● Dealing with a change to your application’s schema can be difficult, in terms of both development effort and runtime resources. Core Data’s schema migration tools simplify the task of coping with schema changes, and in some cases allow you to perform extremely efficient in-place schema migration.
Optional integration with the application’s controller layer to support user interface synchronization.
● Core Data provides the NSFetchedResultsController object on iOS, and integrates with Cocoa Bindings on OS X.
Full, automatic, support for key-value coding and key-value observing.
● In addition to synthesizing key-value coding and key-value observing compliant accessor methods for attributes, Core Data synthesizes the appropriate collection accessors for to-many relationships.
Grouping, filtering, and organizing data in memory and in the user interface.
● Automatic support for storing objects in external data repositories.
● Sophisticated query compilation.
● Instead of writing SQL, you can create complex queries by associating an NSPredicate object with a fetch request. NSPredicate provides support for basic functions, correlated subqueries, and other advanced SQL. With Core Data, it also supports proper Unicode, locale-aware searching, sorting, and regular expressions.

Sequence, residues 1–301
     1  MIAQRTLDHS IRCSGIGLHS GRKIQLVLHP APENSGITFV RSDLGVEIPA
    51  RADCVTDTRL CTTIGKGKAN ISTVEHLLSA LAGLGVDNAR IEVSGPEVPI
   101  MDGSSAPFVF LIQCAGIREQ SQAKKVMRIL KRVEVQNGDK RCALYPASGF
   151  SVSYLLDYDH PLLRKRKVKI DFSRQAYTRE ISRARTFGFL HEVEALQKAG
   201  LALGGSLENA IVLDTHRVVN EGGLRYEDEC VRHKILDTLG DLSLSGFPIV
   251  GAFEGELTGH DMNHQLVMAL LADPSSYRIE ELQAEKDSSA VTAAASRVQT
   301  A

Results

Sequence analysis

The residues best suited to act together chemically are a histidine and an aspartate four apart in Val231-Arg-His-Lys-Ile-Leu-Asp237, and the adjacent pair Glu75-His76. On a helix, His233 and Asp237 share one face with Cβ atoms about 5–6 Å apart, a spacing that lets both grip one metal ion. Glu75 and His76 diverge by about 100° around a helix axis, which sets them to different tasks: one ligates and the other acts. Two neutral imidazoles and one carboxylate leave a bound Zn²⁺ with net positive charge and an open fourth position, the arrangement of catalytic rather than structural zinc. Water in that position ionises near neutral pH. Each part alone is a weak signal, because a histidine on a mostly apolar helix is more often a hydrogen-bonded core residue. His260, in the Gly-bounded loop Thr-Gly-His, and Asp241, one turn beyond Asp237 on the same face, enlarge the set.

● Core Data provides built in version tracking and optimistic locking to support automatic multi-writer conflict resolution.
Why Should You Use Core Data?
There are a number of reasons why it may be appropriate for you to use Core Data. One of the simplest metrics is that, with Core Data, the amount of code you write to support the model layer of your application is typically 50% to 70% smaller as measured by lines of code. This is primarily due to the features listed above—the features Core Data provides are features you don’t have to implement yourself. Moreover they’re features you don’t have to test yourself, and in particular you don’t have to optimize yourself.